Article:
ABN Amro Group NV, the nationalized Dutch lender that last month posted its most profitable quarter since 2010, raised its financial targets ahead of its planned initial public offering.
The company is now projecting a fully loaded common equity Tier 1 ratio of between 11.5 percent and 13.5 percent, up from 11.5 percent to 12.5 percent. The target for return on equity, a measure of profitability, was increased to 10 percent to 13 percent "in the coming years" from 9 percent to 12 percent, according to a statement.
ABN Amro also said it aims to pay out 50 percent of profit in 2017 in dividends, up from 40 percent this year. Its cost-income ratio target of 56 percent to 60 percent by 2017 remains unchanged, despite pressure from regulatory developments, the bank said.
“It’s not only the success of ABN, but also the strong improvement of the Dutch macroeconomic climate and housing market,” said Matthias de Wit, an analyst at KBC Securities in Brussels.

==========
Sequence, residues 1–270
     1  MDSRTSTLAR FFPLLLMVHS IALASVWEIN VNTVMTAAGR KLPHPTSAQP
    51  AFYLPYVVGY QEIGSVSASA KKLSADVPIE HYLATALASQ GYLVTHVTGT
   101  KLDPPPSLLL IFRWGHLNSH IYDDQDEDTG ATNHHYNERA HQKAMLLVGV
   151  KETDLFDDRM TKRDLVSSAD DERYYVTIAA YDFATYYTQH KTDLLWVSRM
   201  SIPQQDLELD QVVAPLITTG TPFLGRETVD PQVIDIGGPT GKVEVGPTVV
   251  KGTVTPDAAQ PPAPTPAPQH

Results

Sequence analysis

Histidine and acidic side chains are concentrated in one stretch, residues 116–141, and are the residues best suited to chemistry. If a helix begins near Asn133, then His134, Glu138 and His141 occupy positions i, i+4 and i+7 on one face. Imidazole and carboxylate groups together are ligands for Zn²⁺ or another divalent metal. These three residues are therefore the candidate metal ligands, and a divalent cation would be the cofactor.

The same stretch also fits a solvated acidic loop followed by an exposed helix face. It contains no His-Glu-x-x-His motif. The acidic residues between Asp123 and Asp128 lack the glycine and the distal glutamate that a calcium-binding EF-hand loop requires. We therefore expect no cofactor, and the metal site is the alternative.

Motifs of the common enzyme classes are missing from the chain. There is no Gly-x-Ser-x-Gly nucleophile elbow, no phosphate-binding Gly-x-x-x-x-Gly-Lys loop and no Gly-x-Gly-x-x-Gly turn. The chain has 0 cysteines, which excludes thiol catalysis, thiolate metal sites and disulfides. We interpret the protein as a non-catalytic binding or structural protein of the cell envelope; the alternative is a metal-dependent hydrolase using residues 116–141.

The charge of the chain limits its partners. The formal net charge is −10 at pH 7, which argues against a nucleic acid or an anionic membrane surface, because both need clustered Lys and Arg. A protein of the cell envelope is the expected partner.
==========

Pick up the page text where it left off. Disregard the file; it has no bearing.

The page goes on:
Charges for impaired loans fell 90 percent in the second quarter from a year earlier as the Dutch economy strengthened after returning to growth last year. The bank reported an underlying net income of 600 million euros ($670 million), almost twice what it was a year earlier.
The strong results could lead to a higher valuation for what is already likely to be the biggest financial IPO in Europe since the 2008 financial crisis.
Dutch Finance Minister Jeroen Dijsselbloem said in May that the government would proceed with plans to sell 20 percent to 30 percent of the bailed-out lender this year.
The government estimates ABN Amro is worth 15 billion euros, meaning the IPO may raise as much as 4.5 billion. The state spent more than 20 billion euros to rescue the bank.
ABN Amro was formed after the government took over the Dutch banking and insurance units of Fortis Bank. The Belgian lender had joined a 72 billion-euro takeover of ABN Amro Holding NV with Royal Bank of Scotland Group Plc and Banco Santander SA in 2007. The deal, the largest financial services takeover ever, turned sour during the credit crunch a year later, leading to the loss of thousands of jobs.
The lender was reorganized into its current form in July 2010, shrinking to a fraction of its former size and focusing on its home market.